For the past 20 years or so, as a business columnist for The New York Times, I’ve had a front-row seat for bull and bear markets, scandals, crises and management mischief.

But I am leaving The Times, and this is my last shot at Fair Game. So it seems a fitting moment to look back at what’s changed and what hasn’t in the financial world, for better or worse.

In addition to a string of garden-variety banking and business scandals, four seismic financial events occurred during my time as a columnist: the collapse of the Long-Term Capital Management hedge fund in 1998, the bursting of the dot-com bubble in 2000, the accounting scandals of Enron in 2001 and WorldCom in 2002, and the mother of them all — the mortgage debacle — in 2008. That one brought world economies to the precipice and wiped out Lehman Brothers and a raft of troubled banks.

......“Sarbanes-Oxley came into effect 15 years ago, and there have been fewer accounting scandals and more accountability,”...It’s too bad that the mortgage crisis six years later didn’t result in heightened accountability.

Here’s another sign of progress: Believe it or not, corporate directors are more active in their oversight than they used to be. Egregious board practices and chummy appointments are less common......Something else that hasn’t changed over the decades is analyst and investor reliance on companies’ creative earnings calculations. These figures, which do not conform to generally accepted accounting practices, typically exclude costs that companies incur in their operations.....Inventive earnings calculations, while more prevalent today, were very popular in the lead-up to the dot-com crash. Back then, analysts valued companies based on imaginative, nonfinancial metrics like the number of page views a retail website received or the percentage of “engaged shoppers” visiting a site. ....My search for truths on Wall Street and elsewhere over the years has sometimes raised hackles. That’s to the good. It wasn’t my job to be part of a company’s spin machine.
financial_communications  farewells  NYT  women  retrospectives  Wall_Street  seismic_shifts  LTCM  bubbles  scandals  SOX  truth-telling  boards_&_directors_&_governance 
november 2017 by jerryking
Disney’s Big Bet on Streaming Relies on Little-Known Tech Company
OCT. 8, 2017 | The New York Times | By BROOKS BARNES and JOHN KOBLIN.

For two days in June 2017, Disney’s board of directors wrestled with one topic: how technology was disrupting the company’s traditional movie, television and theme park businesses, and what to do about it?.....Cord cutting was accelerating much faster than expected. Live viewing for some children’s programming was in free fall......Robert A. Iger, Disney’s chief executive and chairman, proposed a legacy-defining move. It was time for Disney to double down on streaming..... bet the entertainment giant’s future on a wonky, little-known technology company housed in a former cookie factory: BamTech.....Based in Manhattan’s Chelsea Market, the 850-employee company has a strong track record — no serious glitches, even when delivering tens of millions of live streams at a time. BamTech also has impressive advertising technology (inserting ads in video based on viewer location) and a strong reputation for attracting and keeping viewers, not to mention billing them.....BamTech grew out of Major League Baseball Advanced Media, or Bam for short, which was founded in 2000 as a way to help teams create websites. By 2002, Bam was experimenting with streaming video as a way for out-of-town fans to watch games.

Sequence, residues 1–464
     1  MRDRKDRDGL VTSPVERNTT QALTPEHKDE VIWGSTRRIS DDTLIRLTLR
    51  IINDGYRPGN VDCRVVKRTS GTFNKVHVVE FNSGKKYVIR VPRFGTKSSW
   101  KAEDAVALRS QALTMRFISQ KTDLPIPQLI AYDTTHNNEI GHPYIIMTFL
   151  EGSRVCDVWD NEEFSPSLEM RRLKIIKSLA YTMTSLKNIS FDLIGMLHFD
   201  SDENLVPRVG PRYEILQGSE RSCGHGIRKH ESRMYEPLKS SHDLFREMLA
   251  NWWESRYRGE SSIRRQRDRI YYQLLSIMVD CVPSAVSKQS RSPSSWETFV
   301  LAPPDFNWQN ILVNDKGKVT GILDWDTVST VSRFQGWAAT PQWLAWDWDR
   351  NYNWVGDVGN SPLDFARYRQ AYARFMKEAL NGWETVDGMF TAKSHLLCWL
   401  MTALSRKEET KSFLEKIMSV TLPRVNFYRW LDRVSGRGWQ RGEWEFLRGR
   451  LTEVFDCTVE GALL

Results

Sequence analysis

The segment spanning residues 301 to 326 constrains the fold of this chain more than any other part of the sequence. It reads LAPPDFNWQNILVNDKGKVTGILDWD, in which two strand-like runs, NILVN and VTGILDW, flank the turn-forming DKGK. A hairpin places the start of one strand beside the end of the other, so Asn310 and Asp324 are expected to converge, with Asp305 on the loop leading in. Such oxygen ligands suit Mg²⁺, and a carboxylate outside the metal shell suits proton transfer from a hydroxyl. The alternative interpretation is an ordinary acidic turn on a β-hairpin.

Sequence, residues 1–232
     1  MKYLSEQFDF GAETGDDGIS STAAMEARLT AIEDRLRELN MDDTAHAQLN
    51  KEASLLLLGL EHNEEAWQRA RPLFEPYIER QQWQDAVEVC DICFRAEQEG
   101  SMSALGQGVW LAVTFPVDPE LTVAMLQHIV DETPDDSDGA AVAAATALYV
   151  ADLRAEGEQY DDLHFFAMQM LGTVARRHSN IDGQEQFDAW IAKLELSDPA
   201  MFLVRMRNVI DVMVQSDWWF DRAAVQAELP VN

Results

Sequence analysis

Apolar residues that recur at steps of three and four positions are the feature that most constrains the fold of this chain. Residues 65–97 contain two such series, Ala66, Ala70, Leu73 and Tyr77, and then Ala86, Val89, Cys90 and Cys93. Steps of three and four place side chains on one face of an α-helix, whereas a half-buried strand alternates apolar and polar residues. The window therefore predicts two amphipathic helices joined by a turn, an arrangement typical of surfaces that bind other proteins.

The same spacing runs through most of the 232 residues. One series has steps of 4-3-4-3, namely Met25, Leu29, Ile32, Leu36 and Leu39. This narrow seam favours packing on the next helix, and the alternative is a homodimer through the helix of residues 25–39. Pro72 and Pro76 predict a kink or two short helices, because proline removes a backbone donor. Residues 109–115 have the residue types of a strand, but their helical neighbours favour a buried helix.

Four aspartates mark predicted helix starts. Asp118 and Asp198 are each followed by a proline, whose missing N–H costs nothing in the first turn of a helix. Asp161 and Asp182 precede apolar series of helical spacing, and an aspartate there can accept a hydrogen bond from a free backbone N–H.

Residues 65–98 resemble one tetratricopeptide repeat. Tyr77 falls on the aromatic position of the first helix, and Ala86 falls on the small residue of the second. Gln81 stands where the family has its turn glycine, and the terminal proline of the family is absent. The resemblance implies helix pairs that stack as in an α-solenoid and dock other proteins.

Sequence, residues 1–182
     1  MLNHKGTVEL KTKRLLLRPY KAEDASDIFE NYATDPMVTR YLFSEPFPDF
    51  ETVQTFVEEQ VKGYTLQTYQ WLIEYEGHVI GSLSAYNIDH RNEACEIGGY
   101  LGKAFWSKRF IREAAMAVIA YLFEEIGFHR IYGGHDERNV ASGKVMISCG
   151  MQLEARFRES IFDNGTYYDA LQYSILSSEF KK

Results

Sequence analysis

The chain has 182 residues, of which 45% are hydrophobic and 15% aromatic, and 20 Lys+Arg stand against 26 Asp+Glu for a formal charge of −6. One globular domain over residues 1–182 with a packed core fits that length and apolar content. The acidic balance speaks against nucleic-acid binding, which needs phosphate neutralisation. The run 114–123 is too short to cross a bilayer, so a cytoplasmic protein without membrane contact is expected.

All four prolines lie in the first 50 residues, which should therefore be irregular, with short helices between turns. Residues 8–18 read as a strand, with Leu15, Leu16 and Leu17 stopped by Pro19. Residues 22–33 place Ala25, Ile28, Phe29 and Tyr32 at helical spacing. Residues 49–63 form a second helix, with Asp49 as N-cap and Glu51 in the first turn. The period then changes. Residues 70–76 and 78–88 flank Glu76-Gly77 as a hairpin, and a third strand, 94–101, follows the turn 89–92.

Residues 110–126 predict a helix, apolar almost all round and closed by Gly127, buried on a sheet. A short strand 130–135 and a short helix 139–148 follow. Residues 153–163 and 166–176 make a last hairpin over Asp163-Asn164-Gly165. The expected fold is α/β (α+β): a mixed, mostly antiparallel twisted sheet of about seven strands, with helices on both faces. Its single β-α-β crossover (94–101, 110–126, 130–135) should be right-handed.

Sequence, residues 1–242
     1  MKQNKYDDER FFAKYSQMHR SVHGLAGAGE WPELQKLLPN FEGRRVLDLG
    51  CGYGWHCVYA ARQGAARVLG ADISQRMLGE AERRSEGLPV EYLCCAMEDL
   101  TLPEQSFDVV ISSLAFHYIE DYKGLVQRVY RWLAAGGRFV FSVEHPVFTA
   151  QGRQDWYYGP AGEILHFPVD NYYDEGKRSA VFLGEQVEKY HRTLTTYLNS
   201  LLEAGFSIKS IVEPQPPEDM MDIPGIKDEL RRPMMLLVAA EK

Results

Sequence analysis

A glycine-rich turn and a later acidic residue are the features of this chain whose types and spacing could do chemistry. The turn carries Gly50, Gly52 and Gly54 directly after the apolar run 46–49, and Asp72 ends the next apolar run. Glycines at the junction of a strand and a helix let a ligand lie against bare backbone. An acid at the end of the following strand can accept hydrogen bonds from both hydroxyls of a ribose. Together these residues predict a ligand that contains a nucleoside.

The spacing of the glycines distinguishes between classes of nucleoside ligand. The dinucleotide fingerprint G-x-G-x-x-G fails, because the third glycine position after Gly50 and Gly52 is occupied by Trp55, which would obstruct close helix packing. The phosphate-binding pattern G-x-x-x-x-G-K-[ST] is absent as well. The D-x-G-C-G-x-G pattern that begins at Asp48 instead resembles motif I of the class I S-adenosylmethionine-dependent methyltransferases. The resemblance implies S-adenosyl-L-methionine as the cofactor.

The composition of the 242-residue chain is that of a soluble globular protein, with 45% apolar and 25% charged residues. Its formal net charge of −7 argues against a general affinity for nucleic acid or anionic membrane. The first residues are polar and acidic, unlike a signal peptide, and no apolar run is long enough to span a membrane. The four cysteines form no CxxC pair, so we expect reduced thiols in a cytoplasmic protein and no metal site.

Soon, Bam developed technology that attracted outside clients, including the WWE, Fox Sports, PlayStation Vue and Hulu. HBO went to Bam in 2014 after failing to create a reliable stand-alone streaming service on its own. Could Bam get HBO up and running — in just a few months? Bam built HBO Now for roughly $50 million, delivering it just in time for the Season 5 premiere of “Game of Thrones,” which went off flawlessly. “They were nothing short of herculean for us,” said Richard Plepler, HBO’s chief executive.

In 2015, Bam decided to spin off its streaming division, calling it BamTech. With an eye toward its own direct-to-consumer future, particularly with ESPN, Disney paid $1 billion in 2016 for a 33 percent stake and an option to buy a controlling interest in 2020. To run the stand-alone company, M.L.B. and Disney recruited Michael Paull, 46, from Amazon, where he oversaw Prime Video and the introduction of Amazon Channels.....Disney contends that a big part of BamTech’s value has been overlooked. Down the road, as other media companies move toward streaming, BamTech intends to sign them up as clients.....Though BamTech has proved its streaming bona fides, it still lacks the algorithms and the personalization skills that have helped propel Netflix to success. To fill that gap, Mr. Paull recently hired the former chief technology officer of the F.B.I. to be the head of analytics.....The level of engineering required for that enormous volume of content is no small matter. Each bit of streamable content has to be made to fit a dizzying number of requirements. Start with web browsers, ranging from Safari to Chrome or Explorer, all of which have slightly different demands. It also has to fit every iPhone and Android phone. And then there are connected living room devices like Apple TV.